In 1999, David Shaffer and pro golfer, Luke Donald, helped bring home the first Big Ten Championship the Northwestern team had won in half a century. Today, Shaffer and Donald are still close friends. And Shaffer is still working in the golf industry, as director of marketing for golf headwear company, Imperial Headwear.
But before his current position, Shaffer combined his passion for the sport of golf with his marketing savvy. In addition to Imperial Headwear, Shaffer also is a national sales manager for Greg Norman Accessories. Before that, he was vice president of a golf apparel brand he co-founded with friends called Back 9.
The idea of Back 9 began when two of Shaffer’s friends, Andy Hydorn and Harry Conforti, aspired to create a hat whose fit was worthy of wearing. The avid golfers kept their day jobs, selling the caps as a hobby. Soon the hats, adorned with a backward nine logo, developed a small following in Boston.
Straight out of Medill, Shaffer approached Hydorn with a proposal to turn the side venture into a full-scale operation. “I just got this exposure to business and marketing and building brands,” Shaffer, 31, recalls. “I thought, ‘Wait a minute, I have a friend who has a brand—maybe we can turn this into a business.’ ”
Hydorn declined, Shaffer says, but told him to keep that plan in mind.
About a year later, Shaffer, who was working in Chicago as an account executive for a golf technology company, received a call from Hydorn. He was ready to take Back 9 to the next level. Shaffer then moved home to Boston to develop the brand.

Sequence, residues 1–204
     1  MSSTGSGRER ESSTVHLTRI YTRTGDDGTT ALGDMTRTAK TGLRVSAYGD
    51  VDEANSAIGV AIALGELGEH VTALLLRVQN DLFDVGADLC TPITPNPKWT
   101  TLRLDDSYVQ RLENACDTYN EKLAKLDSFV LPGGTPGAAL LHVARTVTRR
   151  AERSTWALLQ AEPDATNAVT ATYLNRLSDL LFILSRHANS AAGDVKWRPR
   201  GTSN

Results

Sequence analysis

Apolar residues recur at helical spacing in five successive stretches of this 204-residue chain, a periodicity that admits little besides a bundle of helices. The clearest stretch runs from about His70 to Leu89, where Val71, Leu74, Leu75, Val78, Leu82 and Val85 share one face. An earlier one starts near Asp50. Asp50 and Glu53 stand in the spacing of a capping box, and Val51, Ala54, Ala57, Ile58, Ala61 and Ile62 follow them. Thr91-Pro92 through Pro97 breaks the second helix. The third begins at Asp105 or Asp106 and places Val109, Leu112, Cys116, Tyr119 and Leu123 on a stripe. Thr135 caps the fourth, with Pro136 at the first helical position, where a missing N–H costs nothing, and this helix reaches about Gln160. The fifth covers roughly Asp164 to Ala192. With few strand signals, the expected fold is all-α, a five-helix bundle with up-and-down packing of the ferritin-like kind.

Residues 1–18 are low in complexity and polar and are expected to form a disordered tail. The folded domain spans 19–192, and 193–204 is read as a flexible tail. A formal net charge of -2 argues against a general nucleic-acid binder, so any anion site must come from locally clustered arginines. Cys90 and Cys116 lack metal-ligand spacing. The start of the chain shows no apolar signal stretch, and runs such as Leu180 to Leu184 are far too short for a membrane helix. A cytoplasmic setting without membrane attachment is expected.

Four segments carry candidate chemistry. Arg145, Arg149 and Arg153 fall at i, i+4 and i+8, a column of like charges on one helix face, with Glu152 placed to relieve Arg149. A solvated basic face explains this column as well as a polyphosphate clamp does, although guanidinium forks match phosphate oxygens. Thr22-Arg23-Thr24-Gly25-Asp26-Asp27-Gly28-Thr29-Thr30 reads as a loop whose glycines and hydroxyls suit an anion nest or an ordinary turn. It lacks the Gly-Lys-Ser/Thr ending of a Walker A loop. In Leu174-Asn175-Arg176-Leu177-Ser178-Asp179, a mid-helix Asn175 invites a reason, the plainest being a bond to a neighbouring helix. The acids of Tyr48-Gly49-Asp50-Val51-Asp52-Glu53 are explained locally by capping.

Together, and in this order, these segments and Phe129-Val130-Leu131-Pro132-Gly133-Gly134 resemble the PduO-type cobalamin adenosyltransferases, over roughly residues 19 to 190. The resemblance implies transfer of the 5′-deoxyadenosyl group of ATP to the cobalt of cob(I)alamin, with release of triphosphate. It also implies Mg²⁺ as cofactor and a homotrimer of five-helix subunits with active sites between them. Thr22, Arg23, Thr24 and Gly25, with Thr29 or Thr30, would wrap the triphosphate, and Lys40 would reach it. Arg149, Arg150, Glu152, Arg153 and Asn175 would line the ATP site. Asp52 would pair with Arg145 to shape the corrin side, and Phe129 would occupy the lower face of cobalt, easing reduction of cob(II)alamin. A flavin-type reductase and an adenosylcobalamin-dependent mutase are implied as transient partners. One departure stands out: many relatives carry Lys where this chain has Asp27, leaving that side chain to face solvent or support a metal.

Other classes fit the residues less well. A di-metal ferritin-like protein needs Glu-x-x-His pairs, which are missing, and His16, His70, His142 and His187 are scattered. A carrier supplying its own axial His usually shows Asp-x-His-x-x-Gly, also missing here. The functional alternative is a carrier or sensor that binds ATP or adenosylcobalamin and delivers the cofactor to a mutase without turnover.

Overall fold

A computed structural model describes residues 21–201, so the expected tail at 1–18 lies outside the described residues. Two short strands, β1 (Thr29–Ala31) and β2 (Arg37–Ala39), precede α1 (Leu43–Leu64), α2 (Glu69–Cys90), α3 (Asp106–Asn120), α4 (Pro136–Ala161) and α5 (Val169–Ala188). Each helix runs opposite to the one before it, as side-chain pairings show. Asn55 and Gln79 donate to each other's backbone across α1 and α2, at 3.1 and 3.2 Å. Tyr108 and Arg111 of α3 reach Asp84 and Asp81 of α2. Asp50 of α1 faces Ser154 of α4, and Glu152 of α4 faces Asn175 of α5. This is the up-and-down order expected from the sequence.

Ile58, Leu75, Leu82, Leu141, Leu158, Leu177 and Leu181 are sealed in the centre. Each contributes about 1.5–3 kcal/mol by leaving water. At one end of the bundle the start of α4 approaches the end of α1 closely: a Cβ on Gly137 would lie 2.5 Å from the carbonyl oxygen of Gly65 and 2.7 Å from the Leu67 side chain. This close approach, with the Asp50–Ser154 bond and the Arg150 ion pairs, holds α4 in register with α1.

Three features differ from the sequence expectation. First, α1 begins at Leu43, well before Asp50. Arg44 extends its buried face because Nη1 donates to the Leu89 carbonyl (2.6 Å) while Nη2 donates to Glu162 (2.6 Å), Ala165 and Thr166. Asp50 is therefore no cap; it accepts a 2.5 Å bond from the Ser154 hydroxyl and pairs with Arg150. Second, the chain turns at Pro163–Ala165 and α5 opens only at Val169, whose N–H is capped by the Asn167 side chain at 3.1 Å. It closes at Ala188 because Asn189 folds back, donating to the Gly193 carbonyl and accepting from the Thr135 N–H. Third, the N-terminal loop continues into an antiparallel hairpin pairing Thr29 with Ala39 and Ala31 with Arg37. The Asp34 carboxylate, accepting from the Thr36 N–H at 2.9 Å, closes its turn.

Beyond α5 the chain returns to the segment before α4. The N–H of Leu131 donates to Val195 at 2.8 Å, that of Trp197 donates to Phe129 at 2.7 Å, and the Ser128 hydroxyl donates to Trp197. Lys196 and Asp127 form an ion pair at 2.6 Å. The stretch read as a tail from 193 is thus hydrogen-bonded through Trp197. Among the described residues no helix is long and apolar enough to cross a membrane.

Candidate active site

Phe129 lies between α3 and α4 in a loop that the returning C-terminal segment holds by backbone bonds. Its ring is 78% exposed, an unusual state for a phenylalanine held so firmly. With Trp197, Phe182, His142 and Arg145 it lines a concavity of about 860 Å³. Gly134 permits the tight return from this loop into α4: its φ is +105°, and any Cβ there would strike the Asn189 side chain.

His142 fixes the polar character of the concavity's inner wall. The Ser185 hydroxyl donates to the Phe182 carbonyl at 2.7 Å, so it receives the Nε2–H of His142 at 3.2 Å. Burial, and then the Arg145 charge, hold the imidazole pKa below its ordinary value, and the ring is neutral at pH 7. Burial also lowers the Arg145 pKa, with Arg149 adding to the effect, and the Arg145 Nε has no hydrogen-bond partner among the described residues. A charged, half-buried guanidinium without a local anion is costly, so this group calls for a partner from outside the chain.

Shaffer says an intriguing logo and quality fit differentiated Back 9’s hats from the competition. Many manufacturers let factories dictate production, ignoring the importance of comfortable fit. “We teach factories how we want hats to be made,” he says. “We inspect every single millimeter: the panels, the stitching, how it hugs your head, the circumference and depth.”
As for the logo, many people don’t know what to make of it at first. But Shaffer says, this ambiguity inspires questions like, “Where can I get one of those?”
Though Shaffer has since moved on from Back9, the company has transitioned and is still in business today.
Shaffer credits his interest in marketing to an advertising class taught by then NU Assistant Professor Gail Taylor. After completing the only marketing course offered in the college of arts and sciences at the time, Shaffer says he was hooked. The senior applied to the IMC program and was accepted under one condition: He needed more professional experience.
With Taylor’s help, Shaffer secured an advertising internship after graduation and returned to Northwestern in the fall. The first quarter of graduate school marked the beginning of a love affair with marketing and the return of an old flame—golf. Because Shaffer had redshirted as a freshman, he still had one year of college eligibility left.
Taylor, now a faculty member at Dartmouth College, continues to keep in touch with Shaffer. She remembers searching for ways to tie his passion for golf with his knack for marketing. By combining the two, her former student turned entrepreneur is able to understand his consumer in a way that most people don’t.
This understanding of the consumer, she adds, is the fundamental way to succeed in marketing. “He was able to develop a product that meets [golfers’] needs and communicate to consumers the ways that a product is superior.”
Shaffer says the biggest lesson he learned from the IMC program is the importance of consistent communication, achieved by properly integrating all facets of a business.
“It’s sending one clear communication to your audience, from the way the Web site looks to the way our products look,” he says.
The importance of consistent communication, achieved by properly integrating all facets of a business.